Hong Kong universities continue to make a concerted effort to share their educational resources with mainland students. The latest example was the foundation-laying ceremony for the Shenzhen campus of the Chinese University of Hong Kong, which took place on in Longgang district in Shenzhen.
According to a daily newspaper, the Shenzhen campus will be mainly for mainland students with a limit of 7,000 that will eventually hit 11,000. Only a small number of openings will be available for Hong Kong students, the newspaper said.
The Shenzhen campus plans to enroll students next year, using exactly the same enrollment requirements as the main campus in Hong Kong, and its students will receive academic degree from CUHK, the newspaper said.
But in an interview with local newspaper Southern Metropolis Daily, CUHK President Joseph Jao-yiu Sung said recruitment might be postponed until 2014, to allow enough time for preparation.
The CUHK Shenzhen campus will recruit teaching staff from around the world, providing salaries similar to those at the Hong Kong campus, Sung said.
According to an official news release, CUHK signed the cooperation agreement with the Shenzhen government in 2010, and the Shenzhen campus’s plan got the Ministry of Education’s approval this year.
The Shenzhen campus will be built on 100 hectares in Longgang district. The first of the two stages of construction as planned will cost 1.5 billion yuan ($239.1 million).
The CUHK Shenzhen campus will conduct courses both in Chinese and English. The subjects it offers will focus on science, engineering and business in the beginning, and later expand to humanities, law and social sciences. Possible subjects to offer include global finance, marketing, risk management, design, energy science and genomics.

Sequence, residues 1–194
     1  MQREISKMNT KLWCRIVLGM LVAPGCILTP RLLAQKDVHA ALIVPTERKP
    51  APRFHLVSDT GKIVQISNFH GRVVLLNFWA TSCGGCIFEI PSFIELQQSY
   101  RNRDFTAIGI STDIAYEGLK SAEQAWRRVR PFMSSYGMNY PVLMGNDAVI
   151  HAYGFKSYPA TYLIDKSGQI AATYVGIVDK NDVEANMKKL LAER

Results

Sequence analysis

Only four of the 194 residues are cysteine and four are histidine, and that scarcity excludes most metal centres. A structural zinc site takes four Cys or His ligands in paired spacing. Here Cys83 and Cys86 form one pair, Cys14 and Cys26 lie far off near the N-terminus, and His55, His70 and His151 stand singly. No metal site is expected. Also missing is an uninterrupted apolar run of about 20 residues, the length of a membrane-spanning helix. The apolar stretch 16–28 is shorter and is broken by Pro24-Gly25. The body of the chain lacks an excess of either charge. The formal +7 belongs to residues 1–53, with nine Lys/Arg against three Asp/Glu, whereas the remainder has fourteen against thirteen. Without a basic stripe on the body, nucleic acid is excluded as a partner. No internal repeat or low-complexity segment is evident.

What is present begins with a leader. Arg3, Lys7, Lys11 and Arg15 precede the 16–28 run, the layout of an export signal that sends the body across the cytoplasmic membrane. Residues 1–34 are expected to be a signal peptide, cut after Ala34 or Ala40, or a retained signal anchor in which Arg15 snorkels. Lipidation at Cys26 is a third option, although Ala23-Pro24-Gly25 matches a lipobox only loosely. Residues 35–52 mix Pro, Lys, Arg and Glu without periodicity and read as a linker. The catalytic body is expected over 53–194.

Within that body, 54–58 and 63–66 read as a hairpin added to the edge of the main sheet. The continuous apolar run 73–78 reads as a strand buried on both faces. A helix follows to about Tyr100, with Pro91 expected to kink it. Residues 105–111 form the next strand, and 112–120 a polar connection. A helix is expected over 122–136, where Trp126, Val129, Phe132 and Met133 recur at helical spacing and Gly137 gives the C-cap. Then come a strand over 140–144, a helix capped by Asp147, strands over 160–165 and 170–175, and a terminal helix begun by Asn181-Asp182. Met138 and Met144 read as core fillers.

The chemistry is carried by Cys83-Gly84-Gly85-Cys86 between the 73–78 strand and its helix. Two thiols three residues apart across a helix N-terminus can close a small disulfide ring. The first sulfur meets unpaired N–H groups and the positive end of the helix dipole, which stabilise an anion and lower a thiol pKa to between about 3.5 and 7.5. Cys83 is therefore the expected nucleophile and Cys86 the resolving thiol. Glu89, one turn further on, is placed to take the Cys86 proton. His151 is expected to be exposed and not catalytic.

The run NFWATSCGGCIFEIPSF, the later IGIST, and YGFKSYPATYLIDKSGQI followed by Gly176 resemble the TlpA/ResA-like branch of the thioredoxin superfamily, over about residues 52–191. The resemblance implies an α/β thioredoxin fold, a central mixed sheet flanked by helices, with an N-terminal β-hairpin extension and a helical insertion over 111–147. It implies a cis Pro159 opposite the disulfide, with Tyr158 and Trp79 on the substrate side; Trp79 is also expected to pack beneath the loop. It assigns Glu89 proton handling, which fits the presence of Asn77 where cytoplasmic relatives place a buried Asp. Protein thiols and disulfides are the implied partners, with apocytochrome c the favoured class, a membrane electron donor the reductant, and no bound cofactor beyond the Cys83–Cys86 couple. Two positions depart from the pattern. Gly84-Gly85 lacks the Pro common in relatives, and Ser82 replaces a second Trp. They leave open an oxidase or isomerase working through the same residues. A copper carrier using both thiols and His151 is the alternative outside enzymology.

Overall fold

Meanwhile, the University of Hong Kong, another famous school in the special administrative region, has reached an initial agreement with the Shenzhen government to establish its own Shenzhen campus. The initial agreement is that the Shenzhen government will provide 100 hectares of land.
Similarly, Hong Kong Polytechnic University signed a “memorandum of understanding” with the Dongguan city government in November 2009 to open a campus in Dongguan, also in the province.
Hong Kong Baptist University was the first Hong Kong university to run a campus in the mainland. In 2005, the campus it jointly operated with the Beijing Normal University was opened in Zhuhai, in Guangdong province, north of Macao.
“The introduction of Hong Kong universities or overseas universities provides more alternatives to students when they are choosing colleges. After all, these universities have advantages in terms of faculty and curriculum,” said Xiong Bingqi, deputy director of the 21st Century Education Research Institute, a non-governmental research organization.
However, Xiong said simply opening more campuses cannot change the whole recruitment system in the Chinese mainland, and “the education reform will only be boosted by allowing mainland universities to compete with overseas and Hong Kong universities”.